I was, however, disappointed with the chapter in the report about the Eurasian Beaver. I know that Duncan Halley, who has written about beaver reintroductions from a natural science perspective, reviewed the chapter. I don’t know where the authors got all their material, but several of the things they say about the historical reintroduction of the beaver are wrong.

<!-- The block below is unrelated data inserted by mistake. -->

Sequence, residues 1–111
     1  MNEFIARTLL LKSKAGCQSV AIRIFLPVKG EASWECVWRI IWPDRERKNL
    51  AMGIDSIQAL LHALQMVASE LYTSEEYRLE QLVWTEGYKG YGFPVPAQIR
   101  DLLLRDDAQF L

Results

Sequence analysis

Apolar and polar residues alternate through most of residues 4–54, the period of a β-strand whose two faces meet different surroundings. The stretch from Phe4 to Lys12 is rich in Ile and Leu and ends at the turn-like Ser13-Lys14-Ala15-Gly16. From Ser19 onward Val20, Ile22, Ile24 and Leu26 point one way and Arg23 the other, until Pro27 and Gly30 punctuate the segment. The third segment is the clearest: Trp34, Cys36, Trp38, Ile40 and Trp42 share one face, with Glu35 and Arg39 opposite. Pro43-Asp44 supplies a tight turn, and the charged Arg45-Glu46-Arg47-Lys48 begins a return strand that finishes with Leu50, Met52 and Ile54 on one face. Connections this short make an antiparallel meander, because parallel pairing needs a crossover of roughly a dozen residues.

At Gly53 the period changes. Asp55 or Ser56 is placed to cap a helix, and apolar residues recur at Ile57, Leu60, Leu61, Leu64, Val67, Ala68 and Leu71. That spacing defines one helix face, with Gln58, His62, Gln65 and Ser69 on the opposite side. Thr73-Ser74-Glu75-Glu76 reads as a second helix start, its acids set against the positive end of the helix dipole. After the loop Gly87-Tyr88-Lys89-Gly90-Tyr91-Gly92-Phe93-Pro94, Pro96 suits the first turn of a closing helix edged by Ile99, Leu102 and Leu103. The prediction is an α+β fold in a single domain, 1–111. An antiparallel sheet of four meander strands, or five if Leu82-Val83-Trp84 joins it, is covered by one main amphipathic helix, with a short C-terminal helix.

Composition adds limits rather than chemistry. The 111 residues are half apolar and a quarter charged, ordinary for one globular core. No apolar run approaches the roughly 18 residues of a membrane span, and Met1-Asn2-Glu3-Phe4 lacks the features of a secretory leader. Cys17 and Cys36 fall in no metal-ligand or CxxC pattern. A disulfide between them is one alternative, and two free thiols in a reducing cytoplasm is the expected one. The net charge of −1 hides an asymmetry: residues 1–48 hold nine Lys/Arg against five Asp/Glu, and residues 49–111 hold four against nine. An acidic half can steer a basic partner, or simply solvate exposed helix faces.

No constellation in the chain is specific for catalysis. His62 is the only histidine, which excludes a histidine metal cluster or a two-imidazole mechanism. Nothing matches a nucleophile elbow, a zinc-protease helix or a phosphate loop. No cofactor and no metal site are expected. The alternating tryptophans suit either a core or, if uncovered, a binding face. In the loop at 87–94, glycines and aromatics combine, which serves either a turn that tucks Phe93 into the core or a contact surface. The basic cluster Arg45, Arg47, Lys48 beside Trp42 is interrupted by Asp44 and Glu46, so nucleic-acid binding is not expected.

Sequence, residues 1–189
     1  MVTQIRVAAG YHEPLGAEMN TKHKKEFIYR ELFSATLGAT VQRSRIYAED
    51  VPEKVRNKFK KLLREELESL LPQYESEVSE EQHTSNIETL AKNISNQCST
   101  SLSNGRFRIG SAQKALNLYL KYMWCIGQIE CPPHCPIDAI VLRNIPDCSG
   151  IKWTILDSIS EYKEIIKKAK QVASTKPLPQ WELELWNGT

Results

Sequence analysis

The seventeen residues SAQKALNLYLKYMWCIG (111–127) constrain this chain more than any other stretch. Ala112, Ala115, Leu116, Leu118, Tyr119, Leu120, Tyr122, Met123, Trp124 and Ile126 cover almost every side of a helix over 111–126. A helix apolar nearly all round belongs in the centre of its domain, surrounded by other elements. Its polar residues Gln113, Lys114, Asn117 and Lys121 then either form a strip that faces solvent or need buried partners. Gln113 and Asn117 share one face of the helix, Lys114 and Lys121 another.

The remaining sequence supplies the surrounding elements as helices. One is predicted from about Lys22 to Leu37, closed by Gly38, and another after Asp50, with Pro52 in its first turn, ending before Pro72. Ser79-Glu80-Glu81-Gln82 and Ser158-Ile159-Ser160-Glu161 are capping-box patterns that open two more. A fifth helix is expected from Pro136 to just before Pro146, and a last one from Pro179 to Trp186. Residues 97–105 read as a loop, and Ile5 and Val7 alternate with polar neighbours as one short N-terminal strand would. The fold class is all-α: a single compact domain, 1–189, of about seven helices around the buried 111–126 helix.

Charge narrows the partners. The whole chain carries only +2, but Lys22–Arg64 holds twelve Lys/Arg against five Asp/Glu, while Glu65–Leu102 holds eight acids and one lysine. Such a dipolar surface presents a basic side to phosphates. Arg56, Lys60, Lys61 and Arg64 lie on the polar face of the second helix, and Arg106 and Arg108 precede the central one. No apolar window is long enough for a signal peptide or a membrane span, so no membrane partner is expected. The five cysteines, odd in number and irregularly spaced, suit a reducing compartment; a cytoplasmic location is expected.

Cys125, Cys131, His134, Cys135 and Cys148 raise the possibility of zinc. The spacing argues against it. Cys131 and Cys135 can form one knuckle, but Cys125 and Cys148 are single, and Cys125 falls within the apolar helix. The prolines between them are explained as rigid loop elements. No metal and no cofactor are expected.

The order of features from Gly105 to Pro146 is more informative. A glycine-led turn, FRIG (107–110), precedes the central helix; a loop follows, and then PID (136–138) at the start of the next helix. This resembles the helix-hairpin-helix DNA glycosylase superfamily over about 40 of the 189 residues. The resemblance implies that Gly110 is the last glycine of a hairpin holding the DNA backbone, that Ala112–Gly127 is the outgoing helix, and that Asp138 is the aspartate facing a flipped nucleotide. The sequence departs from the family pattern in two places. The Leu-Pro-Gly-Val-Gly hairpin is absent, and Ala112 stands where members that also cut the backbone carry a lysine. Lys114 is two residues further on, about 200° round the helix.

First, the report claims, “Initially, the focus of the efforts was fur-harvesting, only later did conservation and ecosystem management become more prominent” (p.151) It also later states, “these efforts were motivated by the fur trade, comprised hard releases and lacked habitat suitability assessments” (p.154). There are two problems with these statements. (1) As far as the earliest reintroductions, which happened in Sweden and parts of Norway in the 1920s and 1930s, fur-harvesting was never a reason given for bringing back beavers. The entire effort was indeed framed as returning a missing part of nature, often in conjunction with attempts to protect areas as nature reserves. I’ve previously written about the involvement of hunting groups in the reintroductions who never talked about hunting beavers in the future and the Swedish conservation revolution inherent in the reintroduction project. All of these efforts should most certainly be classified as nature conservation. (2) In Sweden, habitat assessments were indeed carried out in the 1920s and 1930s in order to select suitable release sites. In the case of the first release in 1922, Dr. Sven Arbman wrote an entire report about the general habitat needs of the beaver and the provisions at the particular release location. I think this is a case where modern scientists are assuming that they know/do better than their historical counterparts – when the reality is that nature conservation and scientific assessments of habitat suitability went on 90 years ago as well.